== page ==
HC Deb 20 July 1897 vol 51 cc629-38
Works. Total Estimated Cost. 1897. Expected Date of Completion. Estimated Expenditure to 31st March 1897. Estimated Expenditure for the year 1897-98.
1 2. 3. 4. 5.
(a.) Enclosure and Defence of Harbours— £ £ £ £
Gibraltar 1,026,000* 1899–1900 344,072 320,000
Gibraltar, Commercial Mole 669,000† 1900–1 150,000
Portland 650,000‡ 1900–1 173,340 200,000
Dover(including £35,000 for Fixed Machinery) 3,500,000 1907–8 3,485 200,000
(b.) Adapting Naval Ports to present Needs of Fleet —
Deepening harbours and approaches 960,000§ 1899–1900 518,559 200,000
Keyham Dockyard Extension (including £175,000 for Fixed Machinery) 3,175,000 1903–4 88,204 450,000
Portsmouth Docks 375,000 1897–8 369,096 5,904
Gibraltar Dockyard Extension (including £63,000 for Fixed Machinery 2,674,000 1899–1900 123,597 250,000
Hong Kong Dockyard Extension (including £40,000 for Fixed Machinery) 575,500 1903–4 3,000 100,000
Colombo Dock 159,000 1902–3 15,000
**Pembroke Jetty, &c., (including £20,000 for Fixed Machinery) 110,000 1899–1900 200 30,000
**Portsmouth-Widening caisson 60,000 1898–9 30,000
**Haulbowline Improvements (including £14,500 for Fixed Machinery) 64,500 1899–1900 8,294 15,000
(c.) Naval Barracks, &c.—
Chatham Naval Barracks 390,000 1900–1 7,741 150,000
Sheerness Naval Barracks (including £20,000 for Fixed Machinery) 220,000 1900–1 75,650
Portsmouth Naval Barracks 595,000 1909–1 100,000
Keyham Naval Barracks 160,000 1900–1 500,000
Chatham Naval Hospital 341,000 1900–1 26,200 50,000
Walmer Marine Depot 20,000 1897–8 17,654 2,346
keyham Engineers' College 30,000 1897–8 15,961 14,000
Dartmouth College for Naval Cadets 196,000 1899–1900 100,000
Magazines (including £25,000 for Fixed Machinery) 485,000 1899–1990 14,000 150,000
Haslar Zymotic Hospital (including £500 for Fixed Machinery 68,500 1899–1900 10,000
Haulbowline Zymotic Hospital (including £25,000 for Fixed Machinery) 10,500 1898–9 5,000
(d.) Superintendence and Miscellaneous Charges 790,000 47,458 70,000
£ 17,304,000 1,760,861 2,742,900
* Estimate reduced by £48,000 for Dolphins replaced by Commercial Mole.
† The total estimated cost of the Commercial Mole is £700,000, including £31,000 for superintendence under item (d).Four-sevenths of this sum is to be repaid by the colony of Gibraltar in the form of an annuity of £14,000 per annum for 57 years from the opening of the Mole, to be credited as an appropriation in aid of Navy Vote 10.
‡ An expenditure of £40,543 was incurred during 1893–4 and 1894–5 in erecting dolphins on the line of the breakwater, and was charged to Vote 10 in those years. This is in addition to the Estimate of £650,000.
§ Exclusive of the cost, of dredging plant purchased prior to 31st March 1895.
**Transferred from Navy Vote 10 for 1896–97.
£ £
║ Total estimated expenditure to 31st March 1898 4,503,761
Amount already provided, viz:—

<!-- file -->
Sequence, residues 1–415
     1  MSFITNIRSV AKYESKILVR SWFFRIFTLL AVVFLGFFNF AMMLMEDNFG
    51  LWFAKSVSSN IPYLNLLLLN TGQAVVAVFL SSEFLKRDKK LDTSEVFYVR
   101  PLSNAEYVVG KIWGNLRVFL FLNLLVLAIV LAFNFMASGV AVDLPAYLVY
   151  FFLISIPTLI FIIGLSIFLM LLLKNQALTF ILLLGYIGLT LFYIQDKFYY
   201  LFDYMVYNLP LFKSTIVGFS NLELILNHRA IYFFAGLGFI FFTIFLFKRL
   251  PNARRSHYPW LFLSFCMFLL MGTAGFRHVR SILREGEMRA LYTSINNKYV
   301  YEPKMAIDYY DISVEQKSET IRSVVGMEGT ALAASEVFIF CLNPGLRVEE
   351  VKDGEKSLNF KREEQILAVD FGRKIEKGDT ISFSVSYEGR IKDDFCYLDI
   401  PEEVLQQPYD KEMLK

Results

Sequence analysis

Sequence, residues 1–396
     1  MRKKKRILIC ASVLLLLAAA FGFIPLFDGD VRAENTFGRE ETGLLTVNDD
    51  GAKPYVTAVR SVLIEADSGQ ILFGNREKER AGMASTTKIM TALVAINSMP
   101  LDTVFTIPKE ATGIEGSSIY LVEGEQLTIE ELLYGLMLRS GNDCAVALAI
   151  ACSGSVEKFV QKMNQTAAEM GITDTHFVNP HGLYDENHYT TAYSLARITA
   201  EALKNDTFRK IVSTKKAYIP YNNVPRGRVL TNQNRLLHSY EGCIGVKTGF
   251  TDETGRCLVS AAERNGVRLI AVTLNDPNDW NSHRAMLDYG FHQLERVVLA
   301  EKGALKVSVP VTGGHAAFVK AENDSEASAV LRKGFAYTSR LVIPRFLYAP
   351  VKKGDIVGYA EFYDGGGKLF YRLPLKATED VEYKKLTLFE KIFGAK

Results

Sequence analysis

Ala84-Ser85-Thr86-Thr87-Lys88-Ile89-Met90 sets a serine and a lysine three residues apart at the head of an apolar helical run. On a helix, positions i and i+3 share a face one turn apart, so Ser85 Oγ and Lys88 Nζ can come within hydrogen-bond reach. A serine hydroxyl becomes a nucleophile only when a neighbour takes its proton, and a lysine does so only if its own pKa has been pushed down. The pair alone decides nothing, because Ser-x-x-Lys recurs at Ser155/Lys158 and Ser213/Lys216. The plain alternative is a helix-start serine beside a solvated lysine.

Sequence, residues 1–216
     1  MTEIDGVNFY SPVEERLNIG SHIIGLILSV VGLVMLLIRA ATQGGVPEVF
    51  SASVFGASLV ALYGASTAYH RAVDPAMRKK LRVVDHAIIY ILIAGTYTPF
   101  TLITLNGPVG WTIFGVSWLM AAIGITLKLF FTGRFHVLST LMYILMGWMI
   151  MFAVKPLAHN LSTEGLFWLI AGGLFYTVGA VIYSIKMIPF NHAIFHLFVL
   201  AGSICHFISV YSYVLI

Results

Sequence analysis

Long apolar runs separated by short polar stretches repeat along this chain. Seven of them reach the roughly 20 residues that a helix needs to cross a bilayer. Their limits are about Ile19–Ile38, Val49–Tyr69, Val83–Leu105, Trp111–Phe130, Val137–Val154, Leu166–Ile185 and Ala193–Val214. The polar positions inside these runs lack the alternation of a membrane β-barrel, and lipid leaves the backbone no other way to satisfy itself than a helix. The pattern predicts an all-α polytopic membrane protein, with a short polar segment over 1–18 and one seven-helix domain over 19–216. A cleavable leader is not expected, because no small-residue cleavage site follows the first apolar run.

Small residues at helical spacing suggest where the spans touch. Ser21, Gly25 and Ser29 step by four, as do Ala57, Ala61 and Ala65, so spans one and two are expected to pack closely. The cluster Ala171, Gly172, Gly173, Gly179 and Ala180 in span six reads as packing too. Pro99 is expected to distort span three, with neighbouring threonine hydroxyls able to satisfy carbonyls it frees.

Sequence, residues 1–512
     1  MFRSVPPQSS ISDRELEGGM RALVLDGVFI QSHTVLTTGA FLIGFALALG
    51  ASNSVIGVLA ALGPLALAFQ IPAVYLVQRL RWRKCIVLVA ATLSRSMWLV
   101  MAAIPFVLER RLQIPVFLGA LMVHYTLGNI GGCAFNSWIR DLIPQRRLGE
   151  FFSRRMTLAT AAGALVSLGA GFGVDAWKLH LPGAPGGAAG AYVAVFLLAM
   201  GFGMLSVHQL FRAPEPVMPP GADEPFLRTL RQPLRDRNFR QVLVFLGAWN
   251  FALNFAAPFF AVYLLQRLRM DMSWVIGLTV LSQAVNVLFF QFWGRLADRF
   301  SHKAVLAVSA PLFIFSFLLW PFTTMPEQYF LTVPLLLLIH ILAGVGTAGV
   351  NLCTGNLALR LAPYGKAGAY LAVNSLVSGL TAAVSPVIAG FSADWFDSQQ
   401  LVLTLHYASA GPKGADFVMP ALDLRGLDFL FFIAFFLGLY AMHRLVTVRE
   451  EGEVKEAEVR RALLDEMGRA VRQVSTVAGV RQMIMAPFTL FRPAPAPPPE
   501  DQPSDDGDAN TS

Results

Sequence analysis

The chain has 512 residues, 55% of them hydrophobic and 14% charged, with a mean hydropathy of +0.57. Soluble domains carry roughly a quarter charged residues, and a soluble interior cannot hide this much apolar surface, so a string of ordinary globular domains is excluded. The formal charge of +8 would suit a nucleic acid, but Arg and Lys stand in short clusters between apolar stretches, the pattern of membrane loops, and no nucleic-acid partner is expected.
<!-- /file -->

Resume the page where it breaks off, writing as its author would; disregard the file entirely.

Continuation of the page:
Expenditure out of Navy Votes (8 and 10) prior to inclusion of works in Loan Acts 239,761 3,849,761
Provision in Act of 1895, £1,000,000, less £140,000 lapsed 860,000
Provision in Act of 1896 2,750,000
Amount to be provided by this Act £654,000

proposed after column 4, to insert new column 4a—


Estimated Expenditure from 1st April 189G to 31st March 1897.

The column which he proposed to insert appeared in the Schedule of last year's Bill. Last year a distinct and positive statement of the amount of the estimated expenditure during the preceding financial year, and the column was inserted in compliance with the promises and pledges made by both parties. The column did not appear in the present Bill, and all he proposed to do was to insert the column so that each year the House should have before it a distinct statement, not of the progress made with the works as a whole up to date, but of the progress made during the past twelve months.


said it was not the desire of the Admiralty to conceal from the House of Commons the amount of progress made or the amount of money which had actually been expended. It was only because it was thought this column was unnecessary that it was omitted from this Bill. He hoped the hon. Member would not press his Motion, but he would be happy to give the hon. Gentleman the figures he required in the shape of a Parliamentary return.


did not think the hon. Gentleman's proposal was at all sufficient. A separate Parliamentary Paper might never come to the notice of a single Member of the House, and what was wanted was a statement on the face of the Bill each year which would put the House in possession of the necessary knowledge every time it was asked to renew this grant.

Amendment, by leave, withdrawn.


moved to omit the item as to Dover Harbour, complaining that the sum set apart for that harbour was excessive. Here they were going to give 31 millions out of 17 millions to one harbour on the southern coast of England, which was amply provided for; while a miserable £60,000 was to be allotted to Haulbowline. He had never heard from the Admiralty any justification for this expenditure. Why should Dover have this 3½ millions, while Haul-bowline had only £60,000? He thought that it was an enormous waste of money. The English harbours on the southern coast, for the Fleet, were far superior to those on the opposite coast of France. What share was Ireland going to have in this expenditure of 17 millions! It was a monstrous thing that only £60,000 of the £17,000,000 proposed to be spent, was to be expended in Ireland. He did not claim the construction of large unnecessary harbours on the coast of Ireland for the accommodation of the British Fleet, althomdh he believed that from a material point of view such an expenditure might be very useful; but he did claim that a fair amount of this money, which would he about £2,000,000, should be spent in some useful purpose in Ireland. If the opinion of the Admiralty was that Ireland had become so poor a country that. it was not worth while to spend money on defensive harbours, then the harbours were urgently needed for fishery purposes. The only way in which he, as a private Member, could emphasise his desire that a fair suns should be spent in Ireland was by trying to set free a portion of the money proposed to be taken by this Bill, and with that view he proposed the omission of this amount.